Local governments eager to see returns from Amazon.com deal


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It’s not yet known exactly how much revenue the state and local governments will reap from Utah’s sales tax deal with Amazon.com, but local leaders are eager to start seeing the dollar signs.

That’s because they view it as revenue they should have been collecting all along — meaning when they do get the returns, the revenue should either level out their tax bases or manifest back to the taxpayer in a varying range of services.

Lincoln Shurtz, government affairs director for the Utah Association of Counties, said local governments for years have been pushing the Legislature to expand internet sales collections to all companies that do a significant amount of business in Utah. Amazon’s deal, he said, is a “great first step” in repairing a deteriorating tax base thanks to an “economy shifting online.”

“It’s capturing what should have been paid — unrealized revenue that should have been coming to cities and counties in the first place,” Shurtz said. “So clearly it will be helpful in paying for basic services, education, road funding and infrastructure.”

An estimated $200 million in state sales tax and another $100 million in local sales taxes go uncollected each year from online purchases made by Utahns.

It’s still not clear how much of a dent Utah’s deal with Amazon will make in that revenue gap because state tax officials have not yet shared an estimate. But it’s expected that the internet giant — one of the nation’s most popular online shopping sites — could collect millions.

“No one knows the amount of money cities will see,” said Roger Tew, senior policy analyst with the Utah League of Cities and Towns. “But it is the biggest online retailer that did not have a nexus with Utah.”

According to a recent study for the American Booksellers Association, Amazon sold nearly $428 million in retail goods in Utah last year but did not have to pay $28.6 million in sales taxes.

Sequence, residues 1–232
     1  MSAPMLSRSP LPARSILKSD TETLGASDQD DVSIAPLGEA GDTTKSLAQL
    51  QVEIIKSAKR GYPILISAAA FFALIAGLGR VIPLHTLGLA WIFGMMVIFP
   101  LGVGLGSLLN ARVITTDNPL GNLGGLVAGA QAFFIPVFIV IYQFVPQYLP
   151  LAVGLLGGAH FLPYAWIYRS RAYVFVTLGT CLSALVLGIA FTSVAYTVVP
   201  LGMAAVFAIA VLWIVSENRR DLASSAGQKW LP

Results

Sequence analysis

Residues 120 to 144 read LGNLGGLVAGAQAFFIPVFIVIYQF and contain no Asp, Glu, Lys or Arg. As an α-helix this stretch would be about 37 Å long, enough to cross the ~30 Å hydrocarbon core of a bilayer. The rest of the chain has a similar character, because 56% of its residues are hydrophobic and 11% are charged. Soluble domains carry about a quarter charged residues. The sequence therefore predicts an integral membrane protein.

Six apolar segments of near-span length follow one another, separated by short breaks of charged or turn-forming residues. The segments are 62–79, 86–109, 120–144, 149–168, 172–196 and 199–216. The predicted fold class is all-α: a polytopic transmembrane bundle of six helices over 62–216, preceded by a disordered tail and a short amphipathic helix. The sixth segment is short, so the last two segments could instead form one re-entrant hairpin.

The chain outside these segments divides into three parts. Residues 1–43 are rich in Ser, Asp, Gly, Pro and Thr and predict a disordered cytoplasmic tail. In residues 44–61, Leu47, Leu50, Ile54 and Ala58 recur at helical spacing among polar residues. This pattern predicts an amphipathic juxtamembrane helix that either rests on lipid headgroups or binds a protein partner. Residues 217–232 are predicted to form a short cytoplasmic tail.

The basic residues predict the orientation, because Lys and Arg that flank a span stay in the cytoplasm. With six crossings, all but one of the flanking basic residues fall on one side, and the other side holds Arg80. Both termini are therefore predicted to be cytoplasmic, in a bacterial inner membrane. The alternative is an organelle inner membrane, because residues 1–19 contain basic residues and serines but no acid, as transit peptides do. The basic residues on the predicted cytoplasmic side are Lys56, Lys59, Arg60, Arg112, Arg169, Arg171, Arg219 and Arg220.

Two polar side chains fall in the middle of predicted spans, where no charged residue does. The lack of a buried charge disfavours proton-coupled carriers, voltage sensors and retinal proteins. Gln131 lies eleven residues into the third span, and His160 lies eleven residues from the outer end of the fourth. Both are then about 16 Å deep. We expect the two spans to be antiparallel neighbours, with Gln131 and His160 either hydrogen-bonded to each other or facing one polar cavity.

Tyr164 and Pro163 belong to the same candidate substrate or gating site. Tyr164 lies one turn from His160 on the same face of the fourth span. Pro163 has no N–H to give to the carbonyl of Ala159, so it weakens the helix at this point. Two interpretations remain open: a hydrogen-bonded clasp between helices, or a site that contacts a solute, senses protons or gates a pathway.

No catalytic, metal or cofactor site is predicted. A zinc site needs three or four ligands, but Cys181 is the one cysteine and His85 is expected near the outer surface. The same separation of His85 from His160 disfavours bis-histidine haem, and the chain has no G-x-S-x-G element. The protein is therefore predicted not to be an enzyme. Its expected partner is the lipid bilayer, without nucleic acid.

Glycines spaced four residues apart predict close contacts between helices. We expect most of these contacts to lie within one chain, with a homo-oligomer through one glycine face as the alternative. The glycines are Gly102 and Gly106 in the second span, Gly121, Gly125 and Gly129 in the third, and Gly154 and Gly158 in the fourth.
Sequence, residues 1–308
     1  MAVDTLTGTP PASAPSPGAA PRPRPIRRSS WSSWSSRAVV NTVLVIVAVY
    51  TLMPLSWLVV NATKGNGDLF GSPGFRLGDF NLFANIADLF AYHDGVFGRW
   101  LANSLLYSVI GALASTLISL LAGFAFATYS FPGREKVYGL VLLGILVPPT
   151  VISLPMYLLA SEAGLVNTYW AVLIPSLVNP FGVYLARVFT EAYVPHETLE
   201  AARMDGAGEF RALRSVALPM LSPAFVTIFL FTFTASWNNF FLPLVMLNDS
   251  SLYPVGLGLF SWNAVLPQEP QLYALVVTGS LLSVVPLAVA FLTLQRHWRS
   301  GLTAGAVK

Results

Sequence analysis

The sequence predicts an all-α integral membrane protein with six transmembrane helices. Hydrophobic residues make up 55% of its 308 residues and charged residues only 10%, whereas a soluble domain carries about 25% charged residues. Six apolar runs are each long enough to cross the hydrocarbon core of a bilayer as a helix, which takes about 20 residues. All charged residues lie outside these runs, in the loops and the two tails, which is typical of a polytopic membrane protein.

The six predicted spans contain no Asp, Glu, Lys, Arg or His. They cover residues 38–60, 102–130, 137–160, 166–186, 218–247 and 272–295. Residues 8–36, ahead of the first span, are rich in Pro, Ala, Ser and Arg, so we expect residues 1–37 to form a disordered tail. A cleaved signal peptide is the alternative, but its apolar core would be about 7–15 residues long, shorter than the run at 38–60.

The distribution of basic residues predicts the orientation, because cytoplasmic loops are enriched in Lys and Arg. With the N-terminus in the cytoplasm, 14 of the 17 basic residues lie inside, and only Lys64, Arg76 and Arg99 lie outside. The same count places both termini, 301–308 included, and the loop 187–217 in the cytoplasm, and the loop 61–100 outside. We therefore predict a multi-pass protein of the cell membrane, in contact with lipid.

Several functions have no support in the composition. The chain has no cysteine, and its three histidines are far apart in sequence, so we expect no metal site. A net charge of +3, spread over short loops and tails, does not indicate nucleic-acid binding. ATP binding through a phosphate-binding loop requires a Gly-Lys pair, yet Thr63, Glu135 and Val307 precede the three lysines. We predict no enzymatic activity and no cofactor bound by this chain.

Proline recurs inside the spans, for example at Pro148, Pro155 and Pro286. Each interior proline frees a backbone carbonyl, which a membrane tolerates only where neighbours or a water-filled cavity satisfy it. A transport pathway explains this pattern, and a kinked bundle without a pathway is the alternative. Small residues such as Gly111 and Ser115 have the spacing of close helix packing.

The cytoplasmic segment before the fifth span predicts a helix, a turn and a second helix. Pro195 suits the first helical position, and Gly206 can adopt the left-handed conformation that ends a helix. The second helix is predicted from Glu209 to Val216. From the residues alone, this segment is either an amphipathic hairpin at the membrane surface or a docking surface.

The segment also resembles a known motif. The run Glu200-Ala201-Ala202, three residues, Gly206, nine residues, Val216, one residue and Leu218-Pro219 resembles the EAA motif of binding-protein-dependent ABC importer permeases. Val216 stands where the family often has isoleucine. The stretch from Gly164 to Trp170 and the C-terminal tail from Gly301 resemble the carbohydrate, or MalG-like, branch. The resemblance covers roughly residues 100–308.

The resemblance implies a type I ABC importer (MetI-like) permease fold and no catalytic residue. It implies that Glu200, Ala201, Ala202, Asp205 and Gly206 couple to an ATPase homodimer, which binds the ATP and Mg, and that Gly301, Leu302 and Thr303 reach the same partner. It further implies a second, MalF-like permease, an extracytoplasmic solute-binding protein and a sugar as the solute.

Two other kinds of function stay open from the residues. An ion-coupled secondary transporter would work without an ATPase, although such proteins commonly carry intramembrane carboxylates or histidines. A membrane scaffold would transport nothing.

The study also estimated that Amazon’s sales in Utah represent the equivalent of nearly 300 retail storefronts and more than 2,500 retail jobs, and the combined loss of sales and property taxes costs each household nearly $35.

At a recent meeting with the Utah League of Cities and Towns, Utah State Tax Commission Chairman John Valentine told a room full of local mayors and city council members what he could about the deal with Amazon and what wasn’t bound by a confidentiality agreement.

Valentine said the sales tax collection will begin Jan. 1 and will include taxes for state and local entities — including transit districts.

Just like any other vendor, he said, Amazon will keep 1.31 percent of the sales tax it collects from Utah customers. The rest will go to taxing entities, with rates varying by zip code.

“It will be up to the local governments to decide what to do with the money,” Valentine said in an interview after his presentation. “You’re going to have more in the general fund to be able to fund potholes, maybe reduce property taxes, collect garbage or pay police officers.”

Tew said it will vary across local jurisdictions what elected leaders decide to do with the revenue, but for “people who want public services, this should be viewed as good news.”

“It’s a broader addition to a tax base that frankly needs to be maintained,” he said. “If your base gets smaller, you have to raise rates. Nobody wants to do that.”

In Utah’s largest county, Salt Lake County Mayor Ben McAdams said he’s “very interested” in knowing what kind of impact the Amazon deal will have on the county’s general fund.

“We’re not really expecting it to be such a large sum of money that it will be a game changer for our budget,” McAdams said. “But I think it will give us the opportunity to invest in some basic services that we haven’t been able to.”

For example, he said, that funding could be allocated to a range of priorities, from parks and trails, to upgrades to the county’s information technology mainframe.

“As we’ve lost tax power to online sales, we’ve had to scrape by and kick the can down the road,” McAdams said. “It costs money to plow the streets and run basic services of government, so hopefully this will help keep taxes down.”

The Utah Transit Authority will also likely benefit considerably from the Amazon deal, new UTA President and CEO Jerry Benson said during a recent meeting with the Deseret News and KSL editorial boards.

“I’m really anxious to see an estimate,” Benson said. “I think it will be significant.”

Whatever the amount, the funding will follow priorities the UTA board recently established for new revenue, including increasing bus service throughout the Wasatch Front, he said.

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